By 2009, of the 36 million foreign born citizens of the USA, about twenty million hailed from Latin America, ten million from Asia, and less than five million from Europe. And does anyone know why I tried to stumble through silly texts like "Knulp" in a weird German class at Swarthmore? I might as well have learned pig Latin or Esperanto. The times...and the accents...are 'a changin'. Jah, Ich bin ein schweinhund.
CAR ADS IN 1959: Enough of all that tedious demographic stuff that does not involve cars...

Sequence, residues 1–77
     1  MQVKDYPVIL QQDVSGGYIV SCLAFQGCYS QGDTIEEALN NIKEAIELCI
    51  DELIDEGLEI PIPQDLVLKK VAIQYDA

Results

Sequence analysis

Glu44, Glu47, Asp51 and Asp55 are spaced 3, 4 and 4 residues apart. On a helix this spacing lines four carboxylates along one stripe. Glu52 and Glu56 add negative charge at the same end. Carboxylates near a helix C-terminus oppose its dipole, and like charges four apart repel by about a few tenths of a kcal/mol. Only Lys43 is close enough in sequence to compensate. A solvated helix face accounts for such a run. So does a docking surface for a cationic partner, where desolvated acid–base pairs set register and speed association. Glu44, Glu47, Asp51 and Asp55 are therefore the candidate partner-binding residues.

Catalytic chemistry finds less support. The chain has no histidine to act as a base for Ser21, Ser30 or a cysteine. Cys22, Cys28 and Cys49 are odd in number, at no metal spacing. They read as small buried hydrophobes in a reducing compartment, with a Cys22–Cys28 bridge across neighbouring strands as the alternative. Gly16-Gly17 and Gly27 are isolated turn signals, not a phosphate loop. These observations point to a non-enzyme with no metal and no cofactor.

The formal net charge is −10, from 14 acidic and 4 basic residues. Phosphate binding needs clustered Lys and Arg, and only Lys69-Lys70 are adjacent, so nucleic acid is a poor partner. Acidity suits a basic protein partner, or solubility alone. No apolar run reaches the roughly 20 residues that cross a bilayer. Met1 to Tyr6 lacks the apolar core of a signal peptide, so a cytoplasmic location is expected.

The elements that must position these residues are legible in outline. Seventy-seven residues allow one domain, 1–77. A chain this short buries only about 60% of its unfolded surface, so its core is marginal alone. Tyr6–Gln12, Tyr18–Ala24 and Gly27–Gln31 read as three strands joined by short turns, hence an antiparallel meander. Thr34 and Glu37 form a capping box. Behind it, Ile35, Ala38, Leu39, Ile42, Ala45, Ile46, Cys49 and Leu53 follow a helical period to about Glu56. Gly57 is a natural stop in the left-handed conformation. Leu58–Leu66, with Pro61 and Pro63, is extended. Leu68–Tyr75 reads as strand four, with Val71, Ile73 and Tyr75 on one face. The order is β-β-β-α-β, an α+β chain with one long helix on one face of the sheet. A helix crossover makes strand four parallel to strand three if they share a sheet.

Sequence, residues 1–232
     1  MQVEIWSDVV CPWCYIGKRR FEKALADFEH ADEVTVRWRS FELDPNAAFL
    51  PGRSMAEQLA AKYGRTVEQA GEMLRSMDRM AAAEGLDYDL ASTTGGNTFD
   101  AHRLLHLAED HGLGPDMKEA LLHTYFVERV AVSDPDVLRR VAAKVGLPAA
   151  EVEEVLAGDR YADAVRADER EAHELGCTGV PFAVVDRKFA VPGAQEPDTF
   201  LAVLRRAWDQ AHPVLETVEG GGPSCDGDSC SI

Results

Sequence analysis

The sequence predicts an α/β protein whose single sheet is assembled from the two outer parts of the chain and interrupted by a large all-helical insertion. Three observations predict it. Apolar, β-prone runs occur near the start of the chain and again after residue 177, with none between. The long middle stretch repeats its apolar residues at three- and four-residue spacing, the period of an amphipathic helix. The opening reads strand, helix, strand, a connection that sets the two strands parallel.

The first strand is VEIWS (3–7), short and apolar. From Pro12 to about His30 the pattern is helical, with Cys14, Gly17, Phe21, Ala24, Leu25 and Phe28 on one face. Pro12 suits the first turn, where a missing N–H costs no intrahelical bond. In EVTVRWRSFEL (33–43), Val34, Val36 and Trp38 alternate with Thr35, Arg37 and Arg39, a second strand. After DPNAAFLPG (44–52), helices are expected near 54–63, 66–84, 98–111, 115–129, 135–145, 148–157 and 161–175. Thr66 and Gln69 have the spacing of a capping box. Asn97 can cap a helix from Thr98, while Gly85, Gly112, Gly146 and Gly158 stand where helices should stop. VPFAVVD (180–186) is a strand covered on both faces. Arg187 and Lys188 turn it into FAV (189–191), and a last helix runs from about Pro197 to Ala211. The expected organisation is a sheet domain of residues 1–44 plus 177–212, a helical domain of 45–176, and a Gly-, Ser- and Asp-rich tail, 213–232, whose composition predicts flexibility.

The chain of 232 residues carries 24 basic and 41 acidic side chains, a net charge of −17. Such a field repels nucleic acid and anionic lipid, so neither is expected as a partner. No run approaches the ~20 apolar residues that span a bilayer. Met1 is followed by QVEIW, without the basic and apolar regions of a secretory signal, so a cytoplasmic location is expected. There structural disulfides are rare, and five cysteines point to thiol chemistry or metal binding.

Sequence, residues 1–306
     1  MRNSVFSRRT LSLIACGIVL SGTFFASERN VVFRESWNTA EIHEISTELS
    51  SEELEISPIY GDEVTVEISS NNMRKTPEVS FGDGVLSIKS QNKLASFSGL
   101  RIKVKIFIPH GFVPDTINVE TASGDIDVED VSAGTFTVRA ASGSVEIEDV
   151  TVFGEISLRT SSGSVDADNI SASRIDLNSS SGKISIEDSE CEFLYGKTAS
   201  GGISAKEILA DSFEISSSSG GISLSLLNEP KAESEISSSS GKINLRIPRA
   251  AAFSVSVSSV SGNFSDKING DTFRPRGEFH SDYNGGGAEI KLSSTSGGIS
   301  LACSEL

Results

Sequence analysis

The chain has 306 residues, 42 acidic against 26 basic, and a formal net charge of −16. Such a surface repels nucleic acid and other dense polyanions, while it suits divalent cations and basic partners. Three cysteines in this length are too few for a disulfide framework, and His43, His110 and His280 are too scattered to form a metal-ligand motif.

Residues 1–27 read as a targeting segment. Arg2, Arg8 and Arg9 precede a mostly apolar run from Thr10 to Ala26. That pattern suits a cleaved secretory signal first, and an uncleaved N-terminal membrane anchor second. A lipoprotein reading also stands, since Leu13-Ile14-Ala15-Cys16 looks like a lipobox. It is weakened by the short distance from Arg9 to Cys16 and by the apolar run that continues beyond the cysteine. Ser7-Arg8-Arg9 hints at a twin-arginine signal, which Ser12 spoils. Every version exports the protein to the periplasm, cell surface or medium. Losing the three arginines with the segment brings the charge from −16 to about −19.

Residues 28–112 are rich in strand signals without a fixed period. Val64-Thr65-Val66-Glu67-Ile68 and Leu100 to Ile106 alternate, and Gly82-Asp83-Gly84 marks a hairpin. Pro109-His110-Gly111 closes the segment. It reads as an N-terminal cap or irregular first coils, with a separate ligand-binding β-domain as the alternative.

Though we were cranked off the assembly line in '66, we were at our impressionable adolescent best in '59 at age fourteen or fifteen when the Great American Tail-Fin Craze reached it zenith of psychotic excess: The dream machines in the late fifties were given animal traits, or served as metal sculptures of status and dominance for the driver, or came laden with barely concealed sexual innuendo, jutting symbolism, and double entendre. The enormous behemoths were sold as metallic prosthetic extensions of ego, and they were given annual facelifts that obscured the fact that they were relatively unchanging rear-wheel drive monsters that lacked independent suspensions, or radial tires, or rack and pinion steering, or roll cages or crush zones for safety in collisions, or disc brakes, or seat belts, and a host of other smart features. But with those protruding chromed bumpers jus asking to be waxed lovingly, they looked like they could snap off mighty oaks along the Merritt Parkway at the stump without suffering a dent. Here are a few excerpts from ads appearing in Life magazine that year: For a '59 Plymouth with the "forward look": "The massive grill and low-slung bumper give it a powerful poised look." For a red '59 Pontiac convertible: "If you like your action taut-and sheathed in clean, crisp lines, Pontiac '59 is the one car that wraps up everything you want on the grandest, most glorious scale you've ever known." Meanwhile, "Oldsmobile for '59 introduces the new linear look...the start of a completely new styling cycle." And for a white '59 Buick, "...and it proclaims your good judgment, your good taste, to the whole world." Meanwhile, two million Americans lost their lives on the highways in the twentieth century. We were all brutalized by those tragedies. There were cars named after sleek wild animals (Impala, Jaguar), those named like spaceships (Rocket 88, Star Chief, Galaxie), those that conjured up exotic places (Eldorado, Riviera, Catalina, Safari), those named for road races (Bonneville, Grand Prix), and those that reeked of snob value (Ambassador, Fleetwood, Patrician, Imperial). By '66 cars were more homogeneous and tedious, so here are a couple of images of outrageously voluptuous '59s to whet your appetite for environmental devastation and an endless succession of wars fought over energy supplies and pedestrians becoming impaled on sharpened fins: